Our most recent book is titled Divided We Stand: The 2020 Elections and American Politics. Among other things, it discusses the state of the parties. The state of the GOP is not good.
The large-scale voter contact effort that conservatives have put at the center of their political operations in recent years is plagued with issues, according to more than a dozen people who’ve worked in GOP-aligned field operations and internal data obtained by NBC News. Those issues include fraudulent and untrustworthy data entries, akin to what occurred in Nevada, as well as allegations of lax hiring practices and a lack of accountability.
Though Democrats deal with some of the same door-knocking challenges, the party has built-in advantages for in-person canvassing, according to interviews with two Democratic canvassing veterans as well as with Republicans with similar experience. They include a more ready supply of younger volunteers, allies in organized labor offering union workers to hit the doors and a base of supporters who are more tightly concentrated in urban and dense suburban areas where canvassers can hit a lot more doors in a lot less time.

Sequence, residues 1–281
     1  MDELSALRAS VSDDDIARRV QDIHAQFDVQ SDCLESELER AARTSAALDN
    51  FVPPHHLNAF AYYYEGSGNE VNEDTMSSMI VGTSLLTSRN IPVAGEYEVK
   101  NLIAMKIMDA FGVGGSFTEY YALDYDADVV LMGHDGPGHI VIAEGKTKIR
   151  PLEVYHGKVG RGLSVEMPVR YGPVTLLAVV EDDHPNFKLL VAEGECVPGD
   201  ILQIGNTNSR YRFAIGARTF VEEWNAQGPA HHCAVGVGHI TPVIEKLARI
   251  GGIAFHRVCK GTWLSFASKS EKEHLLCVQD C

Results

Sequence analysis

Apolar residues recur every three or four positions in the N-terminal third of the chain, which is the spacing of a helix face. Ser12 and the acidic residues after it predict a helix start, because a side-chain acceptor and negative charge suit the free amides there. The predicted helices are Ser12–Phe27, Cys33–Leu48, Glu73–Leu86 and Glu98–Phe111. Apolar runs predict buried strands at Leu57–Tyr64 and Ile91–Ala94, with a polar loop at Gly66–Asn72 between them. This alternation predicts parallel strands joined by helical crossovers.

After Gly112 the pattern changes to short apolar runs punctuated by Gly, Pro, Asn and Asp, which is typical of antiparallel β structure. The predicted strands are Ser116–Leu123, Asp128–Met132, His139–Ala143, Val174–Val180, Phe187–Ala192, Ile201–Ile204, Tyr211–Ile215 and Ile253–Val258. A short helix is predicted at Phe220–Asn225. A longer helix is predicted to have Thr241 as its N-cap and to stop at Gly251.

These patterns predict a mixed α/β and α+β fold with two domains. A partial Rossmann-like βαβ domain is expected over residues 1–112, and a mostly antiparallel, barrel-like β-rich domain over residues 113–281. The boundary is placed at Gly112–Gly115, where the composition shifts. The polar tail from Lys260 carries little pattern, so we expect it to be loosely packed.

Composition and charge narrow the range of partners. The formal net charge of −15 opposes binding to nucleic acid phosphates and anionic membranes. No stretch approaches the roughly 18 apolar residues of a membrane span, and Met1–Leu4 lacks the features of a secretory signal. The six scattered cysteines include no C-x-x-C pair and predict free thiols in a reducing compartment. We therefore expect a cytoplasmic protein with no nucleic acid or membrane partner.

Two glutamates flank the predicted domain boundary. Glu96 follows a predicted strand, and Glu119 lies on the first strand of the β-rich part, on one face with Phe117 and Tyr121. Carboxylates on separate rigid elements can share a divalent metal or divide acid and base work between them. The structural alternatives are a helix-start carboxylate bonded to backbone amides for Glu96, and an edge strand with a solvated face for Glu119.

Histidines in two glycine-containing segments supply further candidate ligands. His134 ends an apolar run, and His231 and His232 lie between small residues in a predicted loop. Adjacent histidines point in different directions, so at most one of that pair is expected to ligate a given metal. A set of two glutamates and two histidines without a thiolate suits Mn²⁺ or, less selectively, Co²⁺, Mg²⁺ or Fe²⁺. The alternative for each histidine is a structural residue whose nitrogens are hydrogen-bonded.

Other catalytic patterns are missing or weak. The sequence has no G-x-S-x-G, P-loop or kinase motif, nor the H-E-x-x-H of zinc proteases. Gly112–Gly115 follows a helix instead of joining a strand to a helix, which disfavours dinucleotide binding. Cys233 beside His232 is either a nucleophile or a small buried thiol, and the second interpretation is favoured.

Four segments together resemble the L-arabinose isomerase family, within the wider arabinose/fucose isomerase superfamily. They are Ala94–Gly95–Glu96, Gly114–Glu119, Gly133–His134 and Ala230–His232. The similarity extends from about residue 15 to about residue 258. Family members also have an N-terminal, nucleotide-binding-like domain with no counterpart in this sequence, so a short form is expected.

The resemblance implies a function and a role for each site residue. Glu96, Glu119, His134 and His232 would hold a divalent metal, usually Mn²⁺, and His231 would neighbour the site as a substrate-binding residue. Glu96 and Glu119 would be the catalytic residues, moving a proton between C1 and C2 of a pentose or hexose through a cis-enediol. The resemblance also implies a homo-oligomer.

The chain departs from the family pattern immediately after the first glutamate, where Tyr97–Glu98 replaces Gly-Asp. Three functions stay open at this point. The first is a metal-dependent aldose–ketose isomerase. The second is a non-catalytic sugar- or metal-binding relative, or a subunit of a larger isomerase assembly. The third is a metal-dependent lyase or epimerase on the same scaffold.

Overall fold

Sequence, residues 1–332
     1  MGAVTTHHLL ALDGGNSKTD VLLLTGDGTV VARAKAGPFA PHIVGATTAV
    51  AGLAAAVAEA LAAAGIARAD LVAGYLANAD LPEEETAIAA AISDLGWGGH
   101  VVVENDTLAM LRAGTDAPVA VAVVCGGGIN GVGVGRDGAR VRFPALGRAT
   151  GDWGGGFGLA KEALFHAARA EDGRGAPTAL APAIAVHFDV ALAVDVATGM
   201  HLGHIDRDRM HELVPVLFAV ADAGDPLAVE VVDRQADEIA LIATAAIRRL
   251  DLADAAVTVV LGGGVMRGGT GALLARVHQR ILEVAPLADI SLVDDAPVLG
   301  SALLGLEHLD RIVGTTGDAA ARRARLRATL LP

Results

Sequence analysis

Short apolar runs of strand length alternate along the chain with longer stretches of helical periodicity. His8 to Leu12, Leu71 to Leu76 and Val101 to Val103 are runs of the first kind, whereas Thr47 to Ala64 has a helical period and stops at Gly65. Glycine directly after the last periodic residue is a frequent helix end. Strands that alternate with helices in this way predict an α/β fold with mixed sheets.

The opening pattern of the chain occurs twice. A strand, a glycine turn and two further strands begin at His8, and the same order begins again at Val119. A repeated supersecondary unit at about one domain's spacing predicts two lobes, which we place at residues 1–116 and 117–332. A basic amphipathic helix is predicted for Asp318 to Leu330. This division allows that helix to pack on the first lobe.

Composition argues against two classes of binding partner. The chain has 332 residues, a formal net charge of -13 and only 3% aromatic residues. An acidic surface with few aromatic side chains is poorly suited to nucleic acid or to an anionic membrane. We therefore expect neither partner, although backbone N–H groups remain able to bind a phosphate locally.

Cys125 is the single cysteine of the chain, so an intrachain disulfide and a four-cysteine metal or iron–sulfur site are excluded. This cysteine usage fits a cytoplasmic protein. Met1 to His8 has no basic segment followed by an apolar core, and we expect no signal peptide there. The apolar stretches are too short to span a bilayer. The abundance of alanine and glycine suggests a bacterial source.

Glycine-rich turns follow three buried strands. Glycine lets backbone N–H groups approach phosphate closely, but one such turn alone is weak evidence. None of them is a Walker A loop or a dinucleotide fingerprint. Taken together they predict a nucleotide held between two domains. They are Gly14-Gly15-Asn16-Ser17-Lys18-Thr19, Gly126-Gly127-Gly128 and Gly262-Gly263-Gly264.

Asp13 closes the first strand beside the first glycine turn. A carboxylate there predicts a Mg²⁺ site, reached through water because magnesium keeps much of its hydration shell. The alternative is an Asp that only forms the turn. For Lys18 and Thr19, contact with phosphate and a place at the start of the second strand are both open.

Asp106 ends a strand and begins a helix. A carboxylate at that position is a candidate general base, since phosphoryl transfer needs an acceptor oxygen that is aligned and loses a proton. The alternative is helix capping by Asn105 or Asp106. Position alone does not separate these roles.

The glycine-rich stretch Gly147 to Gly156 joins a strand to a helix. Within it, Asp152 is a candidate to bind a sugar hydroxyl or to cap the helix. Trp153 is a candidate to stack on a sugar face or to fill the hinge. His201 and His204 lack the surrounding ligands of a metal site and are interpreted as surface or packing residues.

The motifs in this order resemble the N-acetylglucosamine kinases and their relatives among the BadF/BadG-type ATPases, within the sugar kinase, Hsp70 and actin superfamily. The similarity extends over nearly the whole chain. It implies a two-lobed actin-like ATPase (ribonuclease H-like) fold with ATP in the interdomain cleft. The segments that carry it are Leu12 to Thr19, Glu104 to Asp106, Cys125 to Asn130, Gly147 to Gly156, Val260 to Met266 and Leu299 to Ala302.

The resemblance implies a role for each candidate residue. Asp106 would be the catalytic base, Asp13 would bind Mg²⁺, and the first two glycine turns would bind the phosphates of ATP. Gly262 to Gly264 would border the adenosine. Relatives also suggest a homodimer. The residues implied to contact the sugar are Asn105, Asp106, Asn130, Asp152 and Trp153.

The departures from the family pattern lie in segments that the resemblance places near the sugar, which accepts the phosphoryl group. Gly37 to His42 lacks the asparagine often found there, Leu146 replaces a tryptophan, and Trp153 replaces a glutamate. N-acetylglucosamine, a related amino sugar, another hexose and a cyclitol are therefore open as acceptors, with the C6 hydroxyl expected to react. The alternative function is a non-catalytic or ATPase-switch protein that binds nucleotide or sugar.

Canvassers once went around with clipboards and paper, checking off houses along the way. Now, canvassers are largely expected to tick off doors in real time via smartphone apps equipped with geotracking, a core fraud-prevention capability. Canvassing experts say there are some valid reasons to still use paper on a small scale, but those types of entries make it more difficult to ensure that a canvasser was physically knocking on a door.
A high volume of paper, these experts said, would be cause for concern — as appears to be the case last year in Georgia’s general election.
Two field staffers who worked for Georgia Victory, a ground-game operation jointly overseen by the RNC and the state Republican Party, said that as November neared, they became increasingly alarmed by the unusually high volume of paper entries. The operation used the app Campaign Sidekick, a Republican-aligned data platform that includes geotracking technology.
...In recent cycles, Republicans have become more and more dependent on paid canvassing facilitated by outside consultants. While a welcome resource, paid door-knockers, who are often flown in from out of state, are sometimes minimally vetted in order to be deployed quickly, multiple sources said. Consulting outfits may take on jobs only to subcontract them out to other firms, creating an unwieldy patchwork that’s difficult to police. Eight sources said this system may make the data that campaigns are getting about potential voters less reliable.